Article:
We have seen before how timelines are a particularly attractive mode of historical production among non-professionals, perhaps especially among those interested in computer history. Here’s another example. French programmer Eric Levenez has assembled an impressive collection of incredibly detailed techie timelines and sets of annotated links. The most recent is his Unix History. The most widely known is his Computer Languages History, which has been reprinted commercially by O’Reilly. Elsewhere Lenevez tackles Windows and NeXT.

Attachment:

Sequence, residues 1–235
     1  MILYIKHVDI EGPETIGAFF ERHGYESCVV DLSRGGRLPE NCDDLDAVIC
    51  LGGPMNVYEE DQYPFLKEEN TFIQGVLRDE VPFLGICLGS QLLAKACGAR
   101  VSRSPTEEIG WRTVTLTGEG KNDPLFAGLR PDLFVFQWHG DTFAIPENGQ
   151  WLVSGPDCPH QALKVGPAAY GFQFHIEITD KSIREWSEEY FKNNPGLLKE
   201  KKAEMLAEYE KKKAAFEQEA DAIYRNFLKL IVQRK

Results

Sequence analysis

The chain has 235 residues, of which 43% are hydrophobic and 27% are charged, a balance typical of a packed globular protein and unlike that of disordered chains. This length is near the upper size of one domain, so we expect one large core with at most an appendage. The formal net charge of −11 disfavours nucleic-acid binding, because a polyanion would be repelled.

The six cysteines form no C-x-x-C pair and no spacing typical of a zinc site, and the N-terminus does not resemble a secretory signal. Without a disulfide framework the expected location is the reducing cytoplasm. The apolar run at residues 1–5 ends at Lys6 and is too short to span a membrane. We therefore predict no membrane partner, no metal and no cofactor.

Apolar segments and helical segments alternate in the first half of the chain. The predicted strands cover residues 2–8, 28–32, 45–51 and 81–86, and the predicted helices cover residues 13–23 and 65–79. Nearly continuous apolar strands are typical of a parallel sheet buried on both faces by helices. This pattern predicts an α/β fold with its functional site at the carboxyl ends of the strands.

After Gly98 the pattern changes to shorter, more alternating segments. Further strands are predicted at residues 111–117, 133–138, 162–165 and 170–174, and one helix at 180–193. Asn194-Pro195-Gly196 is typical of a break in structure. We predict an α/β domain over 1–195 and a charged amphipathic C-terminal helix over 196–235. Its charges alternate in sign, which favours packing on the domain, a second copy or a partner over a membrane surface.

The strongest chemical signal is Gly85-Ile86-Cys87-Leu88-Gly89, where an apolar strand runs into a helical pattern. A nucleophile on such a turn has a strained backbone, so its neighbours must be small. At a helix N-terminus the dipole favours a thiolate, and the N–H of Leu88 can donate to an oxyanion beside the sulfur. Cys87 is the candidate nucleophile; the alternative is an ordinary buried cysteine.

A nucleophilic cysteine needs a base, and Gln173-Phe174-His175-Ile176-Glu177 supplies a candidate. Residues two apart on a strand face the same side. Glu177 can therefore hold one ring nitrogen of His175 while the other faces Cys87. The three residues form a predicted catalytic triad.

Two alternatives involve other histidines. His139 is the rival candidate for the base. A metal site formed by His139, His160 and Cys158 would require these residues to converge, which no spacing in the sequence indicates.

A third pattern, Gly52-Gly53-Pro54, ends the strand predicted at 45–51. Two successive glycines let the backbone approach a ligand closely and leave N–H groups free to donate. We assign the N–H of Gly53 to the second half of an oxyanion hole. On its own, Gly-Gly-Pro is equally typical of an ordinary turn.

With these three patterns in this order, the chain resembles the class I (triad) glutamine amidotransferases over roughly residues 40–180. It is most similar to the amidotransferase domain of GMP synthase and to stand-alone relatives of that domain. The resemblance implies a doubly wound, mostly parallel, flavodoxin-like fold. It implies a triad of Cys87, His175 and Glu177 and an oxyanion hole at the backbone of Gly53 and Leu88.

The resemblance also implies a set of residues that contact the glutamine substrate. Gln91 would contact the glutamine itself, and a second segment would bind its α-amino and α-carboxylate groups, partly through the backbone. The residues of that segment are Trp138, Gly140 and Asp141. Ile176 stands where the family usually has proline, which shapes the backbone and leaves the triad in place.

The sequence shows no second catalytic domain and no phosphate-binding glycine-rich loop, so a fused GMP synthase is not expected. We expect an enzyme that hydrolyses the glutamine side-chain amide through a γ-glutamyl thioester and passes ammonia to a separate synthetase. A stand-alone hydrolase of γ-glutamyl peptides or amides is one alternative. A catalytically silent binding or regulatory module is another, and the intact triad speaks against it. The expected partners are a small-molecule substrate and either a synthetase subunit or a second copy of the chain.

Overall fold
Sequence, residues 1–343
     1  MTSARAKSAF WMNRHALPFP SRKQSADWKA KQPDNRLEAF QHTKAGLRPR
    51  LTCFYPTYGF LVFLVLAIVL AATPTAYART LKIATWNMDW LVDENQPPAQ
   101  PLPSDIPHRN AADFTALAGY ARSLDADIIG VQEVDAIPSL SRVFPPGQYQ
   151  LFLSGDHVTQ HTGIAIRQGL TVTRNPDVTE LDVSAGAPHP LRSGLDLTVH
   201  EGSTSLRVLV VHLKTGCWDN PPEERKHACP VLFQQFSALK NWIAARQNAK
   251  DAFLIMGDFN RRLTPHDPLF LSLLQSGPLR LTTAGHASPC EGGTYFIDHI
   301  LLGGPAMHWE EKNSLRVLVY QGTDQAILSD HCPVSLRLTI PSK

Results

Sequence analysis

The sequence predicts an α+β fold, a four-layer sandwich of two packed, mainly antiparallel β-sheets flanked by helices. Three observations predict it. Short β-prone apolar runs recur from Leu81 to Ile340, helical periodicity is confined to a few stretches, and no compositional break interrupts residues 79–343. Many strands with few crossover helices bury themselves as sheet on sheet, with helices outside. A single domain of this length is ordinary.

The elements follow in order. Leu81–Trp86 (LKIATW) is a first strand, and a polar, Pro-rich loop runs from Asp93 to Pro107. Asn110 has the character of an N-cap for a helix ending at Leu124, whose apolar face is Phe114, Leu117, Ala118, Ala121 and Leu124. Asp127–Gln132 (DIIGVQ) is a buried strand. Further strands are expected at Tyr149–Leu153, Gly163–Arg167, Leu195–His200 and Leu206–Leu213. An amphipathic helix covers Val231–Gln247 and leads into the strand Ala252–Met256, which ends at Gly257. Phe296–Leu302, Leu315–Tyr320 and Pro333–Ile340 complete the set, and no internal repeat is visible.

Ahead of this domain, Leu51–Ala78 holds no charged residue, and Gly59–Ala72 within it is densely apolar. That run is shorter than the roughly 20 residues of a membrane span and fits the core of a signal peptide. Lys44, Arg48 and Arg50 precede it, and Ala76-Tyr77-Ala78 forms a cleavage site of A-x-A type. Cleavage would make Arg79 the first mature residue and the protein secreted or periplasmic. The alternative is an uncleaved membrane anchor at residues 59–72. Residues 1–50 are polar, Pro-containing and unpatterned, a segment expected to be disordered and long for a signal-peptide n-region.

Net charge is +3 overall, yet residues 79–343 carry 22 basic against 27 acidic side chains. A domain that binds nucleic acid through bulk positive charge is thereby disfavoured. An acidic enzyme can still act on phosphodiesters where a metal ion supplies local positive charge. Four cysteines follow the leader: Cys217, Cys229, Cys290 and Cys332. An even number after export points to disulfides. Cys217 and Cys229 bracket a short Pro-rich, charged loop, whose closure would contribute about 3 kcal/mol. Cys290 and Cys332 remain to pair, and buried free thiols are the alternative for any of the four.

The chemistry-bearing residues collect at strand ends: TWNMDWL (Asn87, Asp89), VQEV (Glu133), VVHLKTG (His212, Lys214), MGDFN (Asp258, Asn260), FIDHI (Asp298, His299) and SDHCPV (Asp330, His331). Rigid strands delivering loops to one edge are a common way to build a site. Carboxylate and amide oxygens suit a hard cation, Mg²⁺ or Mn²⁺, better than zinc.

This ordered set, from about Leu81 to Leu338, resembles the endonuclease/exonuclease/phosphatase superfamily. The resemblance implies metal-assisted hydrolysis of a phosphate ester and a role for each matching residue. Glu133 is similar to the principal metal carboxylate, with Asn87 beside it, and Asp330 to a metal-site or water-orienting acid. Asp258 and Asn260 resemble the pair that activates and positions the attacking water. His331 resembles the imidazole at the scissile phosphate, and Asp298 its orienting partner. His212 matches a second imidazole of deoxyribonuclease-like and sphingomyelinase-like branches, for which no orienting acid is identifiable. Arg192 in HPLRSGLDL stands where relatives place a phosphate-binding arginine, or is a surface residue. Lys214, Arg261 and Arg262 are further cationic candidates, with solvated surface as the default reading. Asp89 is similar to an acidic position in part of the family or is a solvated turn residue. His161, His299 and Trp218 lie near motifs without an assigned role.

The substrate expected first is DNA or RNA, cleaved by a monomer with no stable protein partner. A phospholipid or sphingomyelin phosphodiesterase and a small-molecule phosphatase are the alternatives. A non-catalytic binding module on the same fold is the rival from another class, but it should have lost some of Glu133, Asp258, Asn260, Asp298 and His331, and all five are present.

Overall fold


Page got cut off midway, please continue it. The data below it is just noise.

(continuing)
Spend five minutes with one of Lenevez’s timelines, and you’ll see these are histories only a geek could love. They are certainly very different from anything a university-trained historian would produce. Yet they are undoubtedly very formidable and important works of historical research. Lenevez’s work won’t be published in Technology and Culture or even the Annals of the History of Computing anytime soon, but it’s hard to imagine how anyone, professional or otherwise, could write a decent history of Unix or Windows or computer programming languages without first having done the kind of backbreaking work Lenevez has already done for us.